Getting around is a real experience here in Bodrum. We organise our own transport for our groups, from small people carriers to coaches, all depending on the size of the group attending our holidays.

This makes our guests life far more comfortable and worry free, just gazing out of the window at the passing views of forests, high wooded hills and beautiful coastline require all your attention. However for a real taste of authentic life we reckon on the Dolmus (pronounced DOLMOOSH) for a true adventure.

These small crowded minibuses are frequent, quick and very efficient and stop anywhere and everywhere en route, so long as you have got the hang of hailing one.

The word dolmus comes from dolu, meaning full, the bus will wait until it is completely full before embarking on its journey and it certainly can get crowded!

Not everyone will get a seat, but you will fine the Turks very polite and well mannered, so you may often be given a seat if you are a foreigner, or a woman, or over 40, or all three as in my case!

We will probably take at least one dolmus trip during your painting holiday, Bodrum Town takes 20-25 minutes and from our village it is a scenic route, going over the mountain that separates Bodrum from Yalikavak, past the old windmills and through the Ortakent valley.

Once within the city outskirts, the stops will be more frequent and more people will squeeze in, returning from Bodrum on market day can be a real sardine tin journey as you will be sharing with countless bulging bags, sacks and baskets crammed full of produce.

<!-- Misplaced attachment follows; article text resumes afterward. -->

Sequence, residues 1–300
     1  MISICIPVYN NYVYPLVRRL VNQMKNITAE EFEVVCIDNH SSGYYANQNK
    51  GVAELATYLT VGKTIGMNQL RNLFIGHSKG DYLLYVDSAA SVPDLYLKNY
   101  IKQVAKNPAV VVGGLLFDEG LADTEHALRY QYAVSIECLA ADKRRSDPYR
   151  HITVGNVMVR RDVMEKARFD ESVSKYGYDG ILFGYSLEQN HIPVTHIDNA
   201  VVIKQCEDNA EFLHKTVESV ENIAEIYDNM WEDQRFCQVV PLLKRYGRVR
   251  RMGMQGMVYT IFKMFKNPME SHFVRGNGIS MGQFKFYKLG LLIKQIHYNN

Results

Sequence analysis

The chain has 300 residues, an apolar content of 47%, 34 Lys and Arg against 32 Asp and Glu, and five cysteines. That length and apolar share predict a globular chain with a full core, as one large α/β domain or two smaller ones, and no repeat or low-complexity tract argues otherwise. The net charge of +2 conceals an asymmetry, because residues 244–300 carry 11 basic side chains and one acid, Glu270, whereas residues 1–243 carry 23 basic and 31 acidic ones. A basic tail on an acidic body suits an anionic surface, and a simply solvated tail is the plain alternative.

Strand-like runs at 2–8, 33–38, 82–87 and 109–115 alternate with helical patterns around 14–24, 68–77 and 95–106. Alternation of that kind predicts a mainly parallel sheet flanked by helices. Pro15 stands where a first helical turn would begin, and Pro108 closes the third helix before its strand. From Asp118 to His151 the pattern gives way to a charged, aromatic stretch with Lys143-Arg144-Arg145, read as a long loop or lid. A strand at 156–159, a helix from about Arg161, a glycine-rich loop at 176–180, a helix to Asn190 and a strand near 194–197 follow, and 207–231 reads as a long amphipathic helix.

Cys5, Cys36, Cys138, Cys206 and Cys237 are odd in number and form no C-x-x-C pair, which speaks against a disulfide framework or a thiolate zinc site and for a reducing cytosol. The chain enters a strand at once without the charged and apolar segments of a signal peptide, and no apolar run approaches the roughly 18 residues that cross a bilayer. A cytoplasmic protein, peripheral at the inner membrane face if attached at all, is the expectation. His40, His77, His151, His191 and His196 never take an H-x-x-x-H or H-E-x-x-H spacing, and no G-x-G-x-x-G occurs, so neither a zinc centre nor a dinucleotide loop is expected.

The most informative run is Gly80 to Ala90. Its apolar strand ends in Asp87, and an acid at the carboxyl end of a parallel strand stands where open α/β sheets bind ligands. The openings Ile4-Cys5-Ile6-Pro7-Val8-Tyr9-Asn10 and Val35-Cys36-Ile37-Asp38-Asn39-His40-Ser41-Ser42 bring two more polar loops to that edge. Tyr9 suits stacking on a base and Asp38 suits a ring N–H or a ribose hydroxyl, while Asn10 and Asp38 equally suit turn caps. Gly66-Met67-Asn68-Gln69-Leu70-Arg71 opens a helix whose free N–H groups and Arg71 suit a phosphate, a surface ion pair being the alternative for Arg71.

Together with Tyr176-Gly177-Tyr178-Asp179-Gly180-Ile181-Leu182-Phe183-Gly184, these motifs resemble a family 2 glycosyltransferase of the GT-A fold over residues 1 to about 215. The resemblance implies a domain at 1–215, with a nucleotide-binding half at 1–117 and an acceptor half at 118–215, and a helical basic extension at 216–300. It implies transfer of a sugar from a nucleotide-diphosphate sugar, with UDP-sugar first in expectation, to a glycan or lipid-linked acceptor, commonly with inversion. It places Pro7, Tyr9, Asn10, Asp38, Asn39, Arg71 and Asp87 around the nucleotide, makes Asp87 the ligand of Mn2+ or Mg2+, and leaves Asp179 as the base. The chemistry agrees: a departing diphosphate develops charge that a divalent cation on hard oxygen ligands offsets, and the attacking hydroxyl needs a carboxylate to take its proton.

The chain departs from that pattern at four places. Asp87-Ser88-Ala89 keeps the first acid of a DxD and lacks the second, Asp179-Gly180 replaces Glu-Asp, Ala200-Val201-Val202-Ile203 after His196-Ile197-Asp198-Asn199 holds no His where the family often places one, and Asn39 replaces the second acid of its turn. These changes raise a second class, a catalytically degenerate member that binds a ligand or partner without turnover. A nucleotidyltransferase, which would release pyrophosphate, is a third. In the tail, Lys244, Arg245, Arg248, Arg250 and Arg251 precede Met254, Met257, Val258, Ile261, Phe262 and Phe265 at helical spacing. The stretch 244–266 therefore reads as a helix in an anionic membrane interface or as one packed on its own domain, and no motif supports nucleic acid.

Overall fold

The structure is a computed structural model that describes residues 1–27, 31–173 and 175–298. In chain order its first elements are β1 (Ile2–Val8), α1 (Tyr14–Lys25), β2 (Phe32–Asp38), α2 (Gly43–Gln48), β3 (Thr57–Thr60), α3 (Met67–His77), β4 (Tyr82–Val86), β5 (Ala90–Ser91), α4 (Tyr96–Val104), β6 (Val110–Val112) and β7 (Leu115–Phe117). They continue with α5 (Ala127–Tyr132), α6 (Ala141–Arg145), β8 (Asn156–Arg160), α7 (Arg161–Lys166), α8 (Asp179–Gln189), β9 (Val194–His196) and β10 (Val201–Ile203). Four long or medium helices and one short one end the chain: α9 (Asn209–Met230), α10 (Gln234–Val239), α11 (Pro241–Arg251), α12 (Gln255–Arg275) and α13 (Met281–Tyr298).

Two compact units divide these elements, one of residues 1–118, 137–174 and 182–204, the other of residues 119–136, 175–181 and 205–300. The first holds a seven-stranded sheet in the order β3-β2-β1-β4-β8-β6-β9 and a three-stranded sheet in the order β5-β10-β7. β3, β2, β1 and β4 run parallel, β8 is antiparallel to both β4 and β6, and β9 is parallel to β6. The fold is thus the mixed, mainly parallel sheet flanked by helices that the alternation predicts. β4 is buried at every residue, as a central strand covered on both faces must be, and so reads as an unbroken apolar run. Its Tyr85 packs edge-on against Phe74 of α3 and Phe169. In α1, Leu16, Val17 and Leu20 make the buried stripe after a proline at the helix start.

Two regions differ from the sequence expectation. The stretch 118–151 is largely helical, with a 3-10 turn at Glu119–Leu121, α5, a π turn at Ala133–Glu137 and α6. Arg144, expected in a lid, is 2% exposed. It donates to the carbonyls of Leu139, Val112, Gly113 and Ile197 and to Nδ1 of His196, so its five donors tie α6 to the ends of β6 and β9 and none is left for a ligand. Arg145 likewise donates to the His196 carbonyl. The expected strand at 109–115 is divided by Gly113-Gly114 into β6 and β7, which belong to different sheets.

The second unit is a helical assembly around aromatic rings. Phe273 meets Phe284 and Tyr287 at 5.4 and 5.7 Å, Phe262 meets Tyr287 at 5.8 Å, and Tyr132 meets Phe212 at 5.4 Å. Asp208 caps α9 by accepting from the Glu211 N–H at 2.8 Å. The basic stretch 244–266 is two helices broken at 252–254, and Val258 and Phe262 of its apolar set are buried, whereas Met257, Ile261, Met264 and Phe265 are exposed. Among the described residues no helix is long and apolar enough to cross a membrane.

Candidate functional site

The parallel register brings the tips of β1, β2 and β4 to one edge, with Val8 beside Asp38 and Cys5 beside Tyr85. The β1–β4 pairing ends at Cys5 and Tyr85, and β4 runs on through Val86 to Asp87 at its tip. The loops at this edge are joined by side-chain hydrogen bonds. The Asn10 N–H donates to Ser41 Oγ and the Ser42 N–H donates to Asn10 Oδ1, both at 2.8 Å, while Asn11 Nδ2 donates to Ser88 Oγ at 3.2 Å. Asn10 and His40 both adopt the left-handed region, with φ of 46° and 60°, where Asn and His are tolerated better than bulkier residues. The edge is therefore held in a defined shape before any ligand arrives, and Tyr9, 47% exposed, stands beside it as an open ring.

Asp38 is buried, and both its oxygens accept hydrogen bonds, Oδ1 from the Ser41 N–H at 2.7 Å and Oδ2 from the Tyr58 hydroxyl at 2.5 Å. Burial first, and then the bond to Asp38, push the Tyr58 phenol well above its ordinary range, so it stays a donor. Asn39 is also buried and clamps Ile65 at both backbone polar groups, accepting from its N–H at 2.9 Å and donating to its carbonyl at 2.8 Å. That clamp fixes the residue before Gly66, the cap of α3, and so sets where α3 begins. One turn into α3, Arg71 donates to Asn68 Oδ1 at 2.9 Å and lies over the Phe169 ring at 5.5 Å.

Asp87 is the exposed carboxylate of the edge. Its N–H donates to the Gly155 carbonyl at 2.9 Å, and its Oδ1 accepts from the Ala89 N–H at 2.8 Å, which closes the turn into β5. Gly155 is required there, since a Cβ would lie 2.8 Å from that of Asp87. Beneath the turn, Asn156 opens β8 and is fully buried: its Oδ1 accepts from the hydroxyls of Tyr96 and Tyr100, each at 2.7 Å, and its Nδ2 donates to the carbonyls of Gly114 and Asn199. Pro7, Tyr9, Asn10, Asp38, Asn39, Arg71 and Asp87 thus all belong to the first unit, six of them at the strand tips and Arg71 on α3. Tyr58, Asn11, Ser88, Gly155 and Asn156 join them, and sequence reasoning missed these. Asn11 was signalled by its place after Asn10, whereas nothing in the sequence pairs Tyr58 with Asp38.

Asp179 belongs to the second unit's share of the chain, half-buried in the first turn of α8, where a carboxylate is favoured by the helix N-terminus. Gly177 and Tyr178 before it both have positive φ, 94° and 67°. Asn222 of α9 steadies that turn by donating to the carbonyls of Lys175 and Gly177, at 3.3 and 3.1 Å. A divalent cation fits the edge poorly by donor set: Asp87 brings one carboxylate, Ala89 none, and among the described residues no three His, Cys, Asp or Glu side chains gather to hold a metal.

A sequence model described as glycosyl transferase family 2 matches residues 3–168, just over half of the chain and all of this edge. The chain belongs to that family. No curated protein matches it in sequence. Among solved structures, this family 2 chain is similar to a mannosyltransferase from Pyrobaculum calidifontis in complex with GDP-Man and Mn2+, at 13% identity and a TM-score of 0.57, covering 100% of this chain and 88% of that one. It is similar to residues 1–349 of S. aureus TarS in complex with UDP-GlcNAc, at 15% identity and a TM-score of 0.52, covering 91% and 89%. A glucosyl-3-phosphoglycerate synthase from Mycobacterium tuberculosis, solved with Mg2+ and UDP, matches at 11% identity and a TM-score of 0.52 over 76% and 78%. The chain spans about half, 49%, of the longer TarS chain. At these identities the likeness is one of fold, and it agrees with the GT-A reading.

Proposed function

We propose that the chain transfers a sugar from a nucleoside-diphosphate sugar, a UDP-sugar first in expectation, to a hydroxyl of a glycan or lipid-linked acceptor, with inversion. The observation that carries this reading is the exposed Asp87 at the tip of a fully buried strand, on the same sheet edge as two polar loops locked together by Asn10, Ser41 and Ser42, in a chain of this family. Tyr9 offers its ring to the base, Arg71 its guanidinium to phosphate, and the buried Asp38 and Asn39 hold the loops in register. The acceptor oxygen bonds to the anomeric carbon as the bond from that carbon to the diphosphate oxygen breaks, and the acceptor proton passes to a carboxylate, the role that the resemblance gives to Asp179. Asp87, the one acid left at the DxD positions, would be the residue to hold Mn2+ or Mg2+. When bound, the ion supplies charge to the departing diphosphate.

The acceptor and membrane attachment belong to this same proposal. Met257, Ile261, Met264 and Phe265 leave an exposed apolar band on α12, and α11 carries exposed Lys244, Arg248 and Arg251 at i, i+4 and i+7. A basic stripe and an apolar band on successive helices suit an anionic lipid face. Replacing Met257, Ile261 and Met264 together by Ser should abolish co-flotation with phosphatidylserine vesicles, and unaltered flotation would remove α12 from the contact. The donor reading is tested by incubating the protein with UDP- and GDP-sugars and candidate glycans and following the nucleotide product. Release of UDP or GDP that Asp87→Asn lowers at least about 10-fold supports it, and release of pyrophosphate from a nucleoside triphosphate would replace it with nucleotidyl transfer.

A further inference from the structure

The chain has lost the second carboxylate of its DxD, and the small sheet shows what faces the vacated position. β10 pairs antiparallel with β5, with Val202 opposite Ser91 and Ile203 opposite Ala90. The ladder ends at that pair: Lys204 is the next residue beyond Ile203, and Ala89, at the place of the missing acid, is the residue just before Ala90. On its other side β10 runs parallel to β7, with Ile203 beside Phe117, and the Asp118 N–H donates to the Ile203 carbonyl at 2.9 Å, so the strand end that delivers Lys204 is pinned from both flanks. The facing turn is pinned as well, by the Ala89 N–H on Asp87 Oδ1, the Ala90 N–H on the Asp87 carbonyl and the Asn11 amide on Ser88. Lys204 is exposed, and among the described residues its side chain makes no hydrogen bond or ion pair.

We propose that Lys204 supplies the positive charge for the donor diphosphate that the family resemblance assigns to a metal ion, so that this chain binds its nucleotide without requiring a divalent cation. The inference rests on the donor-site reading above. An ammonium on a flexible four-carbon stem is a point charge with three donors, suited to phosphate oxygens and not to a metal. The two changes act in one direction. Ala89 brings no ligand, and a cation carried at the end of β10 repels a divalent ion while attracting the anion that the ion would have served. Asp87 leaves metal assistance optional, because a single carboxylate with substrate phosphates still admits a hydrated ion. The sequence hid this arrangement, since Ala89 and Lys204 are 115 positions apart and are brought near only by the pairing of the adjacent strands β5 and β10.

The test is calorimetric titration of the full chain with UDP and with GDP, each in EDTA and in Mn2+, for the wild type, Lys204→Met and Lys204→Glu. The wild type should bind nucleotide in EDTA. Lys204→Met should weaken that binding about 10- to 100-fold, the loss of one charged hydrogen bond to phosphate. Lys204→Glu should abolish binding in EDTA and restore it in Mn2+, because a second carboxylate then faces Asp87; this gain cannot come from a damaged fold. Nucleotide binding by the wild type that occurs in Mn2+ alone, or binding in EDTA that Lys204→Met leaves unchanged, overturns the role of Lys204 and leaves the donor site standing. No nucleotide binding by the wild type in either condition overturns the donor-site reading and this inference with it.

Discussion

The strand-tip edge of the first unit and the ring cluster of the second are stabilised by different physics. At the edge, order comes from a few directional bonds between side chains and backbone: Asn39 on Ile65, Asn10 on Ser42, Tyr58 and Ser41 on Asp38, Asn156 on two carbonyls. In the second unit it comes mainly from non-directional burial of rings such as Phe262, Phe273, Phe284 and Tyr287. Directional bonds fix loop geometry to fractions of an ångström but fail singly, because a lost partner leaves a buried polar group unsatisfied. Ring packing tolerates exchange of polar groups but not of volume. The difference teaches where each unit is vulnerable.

It is probably best, if you don’t want this experience, to take an earlier bus, or take time out in one of the many bars or cafes on the waterfront, then travel back after the rush hour. Taxis are expensive on long journeys, yet local ones are surprisingly reasonable; bright yellow like in the USA and saloon cars or jolly squat van like vehicles, they can take up to five people.

I have been known to get eight into a taxi going to the driver’s fiancee’s mother’s restaurant (don’t ask, but the food was great) Other modes of transport used frequently in our area are donkeys, tractors, and occasionally when celebrating, camels. There are few trains and none where we live.

If walking, which is the predominant mode of transport around our way, watch out for the ladies from Istanbul they drive large 4x4s, constantly talk on their mobiles, too small to see over the steering wheel and in consequence are some of the worst drivers I have ever encountered.